# The Transition Matrix

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The probabilities of a customer's moving from service station to service station within a 1-month period, presented in tabular form in Table F.1, can also be presented in the form of a rectangular array of numbers called a matrix , as follows :

Because we previously defined these probabilities as transition probabilities, we will refer to the preceding matrix, T , as a transition matrix . The present states of the system are listed on the left of the transition matrix, and the future states in the next time period are listed across the top. For example, there is a .60 probability that a customer who traded with Petroco in month 1 will trade with Petroco in month 2.

A transition matrix includes the transition probabilities for each state of nature.

Several new symbols are needed for Markov analysis using matrix algebra. We will define the probability of a customer's trading with Petroco in period i , given that the customer initially traded with Petroco, as

Similarly, the probability of a customer's trading with National in period i, given that a customer initially traded with Petroco, is

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For example, the probability of a customer's trading at National in month 2, given that the customer initially traded with Petroco, is

N p (2)

The probabilities of a customer's trading with Petroco and National in a future period, i , given that the customer traded initially with National, are defined as

(When interpreting these symbols, always recall that the subscript refers to the starting state.)

Petroco as the initial starting state.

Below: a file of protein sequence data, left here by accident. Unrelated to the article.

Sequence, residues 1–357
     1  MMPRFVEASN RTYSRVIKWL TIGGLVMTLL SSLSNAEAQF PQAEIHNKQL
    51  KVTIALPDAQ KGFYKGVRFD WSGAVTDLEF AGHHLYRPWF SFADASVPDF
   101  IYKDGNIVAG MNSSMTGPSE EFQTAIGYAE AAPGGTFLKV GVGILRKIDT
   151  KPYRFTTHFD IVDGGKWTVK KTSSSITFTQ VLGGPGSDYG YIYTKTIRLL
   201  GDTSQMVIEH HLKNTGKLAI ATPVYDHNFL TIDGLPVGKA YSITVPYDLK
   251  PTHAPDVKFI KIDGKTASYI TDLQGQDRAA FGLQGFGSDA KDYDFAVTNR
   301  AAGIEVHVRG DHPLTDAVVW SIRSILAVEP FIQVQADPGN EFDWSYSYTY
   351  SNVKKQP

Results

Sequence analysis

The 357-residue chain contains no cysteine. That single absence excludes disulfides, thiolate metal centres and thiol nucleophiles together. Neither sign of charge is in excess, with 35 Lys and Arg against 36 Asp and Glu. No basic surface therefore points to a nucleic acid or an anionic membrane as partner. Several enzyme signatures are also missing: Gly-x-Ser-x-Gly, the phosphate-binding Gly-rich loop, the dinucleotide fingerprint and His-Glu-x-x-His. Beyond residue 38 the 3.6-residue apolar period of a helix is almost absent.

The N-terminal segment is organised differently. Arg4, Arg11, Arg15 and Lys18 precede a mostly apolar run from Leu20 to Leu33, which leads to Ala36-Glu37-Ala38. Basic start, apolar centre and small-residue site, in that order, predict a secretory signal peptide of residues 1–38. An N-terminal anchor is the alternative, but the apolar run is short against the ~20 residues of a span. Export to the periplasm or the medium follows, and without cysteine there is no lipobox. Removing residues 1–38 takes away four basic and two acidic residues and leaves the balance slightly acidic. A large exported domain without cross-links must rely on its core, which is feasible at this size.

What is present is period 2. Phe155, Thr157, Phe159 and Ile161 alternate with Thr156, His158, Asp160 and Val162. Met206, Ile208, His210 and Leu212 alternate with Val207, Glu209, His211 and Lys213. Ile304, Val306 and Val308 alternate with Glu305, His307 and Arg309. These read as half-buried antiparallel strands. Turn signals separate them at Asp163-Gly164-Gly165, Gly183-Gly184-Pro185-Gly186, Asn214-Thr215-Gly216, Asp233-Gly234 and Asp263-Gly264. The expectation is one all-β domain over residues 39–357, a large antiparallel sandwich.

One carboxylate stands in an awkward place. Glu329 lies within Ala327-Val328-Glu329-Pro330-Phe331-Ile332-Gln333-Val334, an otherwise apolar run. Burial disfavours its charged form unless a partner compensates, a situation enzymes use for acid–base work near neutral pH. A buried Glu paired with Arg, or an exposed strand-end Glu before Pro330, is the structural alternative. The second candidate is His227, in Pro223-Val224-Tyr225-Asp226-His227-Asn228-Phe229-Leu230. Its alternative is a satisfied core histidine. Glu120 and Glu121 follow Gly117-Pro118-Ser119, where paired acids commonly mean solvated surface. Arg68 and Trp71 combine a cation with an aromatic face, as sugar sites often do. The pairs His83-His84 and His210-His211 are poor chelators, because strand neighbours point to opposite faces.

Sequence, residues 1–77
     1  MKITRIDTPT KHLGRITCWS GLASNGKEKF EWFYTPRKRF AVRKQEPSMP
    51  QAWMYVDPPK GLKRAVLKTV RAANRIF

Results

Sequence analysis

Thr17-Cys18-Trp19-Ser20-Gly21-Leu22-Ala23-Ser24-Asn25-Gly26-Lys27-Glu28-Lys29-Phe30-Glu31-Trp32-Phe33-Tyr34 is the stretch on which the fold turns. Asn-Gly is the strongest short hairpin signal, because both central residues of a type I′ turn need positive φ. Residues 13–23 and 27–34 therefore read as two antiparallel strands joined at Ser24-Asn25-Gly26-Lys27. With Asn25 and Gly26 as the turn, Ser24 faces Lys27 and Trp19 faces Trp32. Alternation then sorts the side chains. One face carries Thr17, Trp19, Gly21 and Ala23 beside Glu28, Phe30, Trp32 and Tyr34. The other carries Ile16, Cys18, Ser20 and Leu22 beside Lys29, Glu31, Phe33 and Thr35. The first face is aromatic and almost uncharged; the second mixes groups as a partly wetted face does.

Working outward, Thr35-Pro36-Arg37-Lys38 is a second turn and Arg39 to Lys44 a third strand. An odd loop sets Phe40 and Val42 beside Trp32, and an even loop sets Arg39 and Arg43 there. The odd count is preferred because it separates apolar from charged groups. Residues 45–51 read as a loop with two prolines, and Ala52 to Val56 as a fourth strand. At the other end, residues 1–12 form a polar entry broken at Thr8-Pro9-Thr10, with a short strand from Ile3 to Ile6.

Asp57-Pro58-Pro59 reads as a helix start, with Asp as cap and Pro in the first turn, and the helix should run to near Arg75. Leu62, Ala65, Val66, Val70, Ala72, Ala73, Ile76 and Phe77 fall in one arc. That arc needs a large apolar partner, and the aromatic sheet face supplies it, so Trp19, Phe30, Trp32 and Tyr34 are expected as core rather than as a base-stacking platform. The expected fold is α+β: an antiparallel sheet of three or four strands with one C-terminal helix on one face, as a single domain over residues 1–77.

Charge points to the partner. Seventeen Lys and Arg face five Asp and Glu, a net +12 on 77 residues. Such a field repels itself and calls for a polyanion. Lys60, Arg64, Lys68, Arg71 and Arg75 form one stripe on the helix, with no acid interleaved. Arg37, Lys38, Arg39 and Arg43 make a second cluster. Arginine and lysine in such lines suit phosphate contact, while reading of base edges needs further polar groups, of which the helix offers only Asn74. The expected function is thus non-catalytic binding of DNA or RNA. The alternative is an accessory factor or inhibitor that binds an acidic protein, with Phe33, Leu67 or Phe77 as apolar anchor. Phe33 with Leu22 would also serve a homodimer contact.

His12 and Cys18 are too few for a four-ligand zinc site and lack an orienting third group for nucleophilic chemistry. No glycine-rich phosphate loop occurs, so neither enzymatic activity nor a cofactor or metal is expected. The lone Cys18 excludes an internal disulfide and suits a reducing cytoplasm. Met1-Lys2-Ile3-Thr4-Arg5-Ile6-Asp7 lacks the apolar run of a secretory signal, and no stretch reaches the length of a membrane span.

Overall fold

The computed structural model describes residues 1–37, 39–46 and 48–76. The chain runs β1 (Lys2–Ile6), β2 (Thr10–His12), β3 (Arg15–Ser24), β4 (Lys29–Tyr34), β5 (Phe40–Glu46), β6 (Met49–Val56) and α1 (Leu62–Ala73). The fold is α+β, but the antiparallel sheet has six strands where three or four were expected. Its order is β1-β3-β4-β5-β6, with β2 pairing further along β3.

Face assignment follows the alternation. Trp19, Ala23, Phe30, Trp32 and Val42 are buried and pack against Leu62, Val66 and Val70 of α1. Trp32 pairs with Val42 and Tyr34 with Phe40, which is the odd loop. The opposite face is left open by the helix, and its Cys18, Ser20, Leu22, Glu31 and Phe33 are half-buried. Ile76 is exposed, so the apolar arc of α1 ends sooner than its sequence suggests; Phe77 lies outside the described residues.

If a customer is presently trading with Petroco (month 1), the following probabilities exist:

P p (1) = 1.0

N p (1) = 0.0

In other words, the probability of a customer's trading at Petroco in month 1, given that the customer trades at Petroco, is 1.0.

These probabilities can also be arranged in matrix form, as follows:

This matrix defines the starting conditions of our example system, given that a customer initially trades at Petroco, as in the decision tree in Figure F.1. In other words, a customer is originally trading with Petroco in month 1. We can determine the subsequent probabilities of a customer's trading at Petroco or National in month 2 by multiplying the preceding matrix by the transition matrix, as follows:

Computing probabilities of a customer trading at either station in future months, using matrix multiplication.

These probabilities of .60 for a customer's trading at Petroco and .40 for a customer's trading at National are the same as those computed in the decision tree in Figure F.1. We use the same procedure for determining the month 3 probabilities, except we now multiply the transition matrix by the month 2 matrix:

These are the same probabilities we computed by using the decision tree analysis in Figure F.1. However, whereas it would be cumbersome to determine additional values by using the decision tree analysis, we can continue to use the matrix approach as we have previously: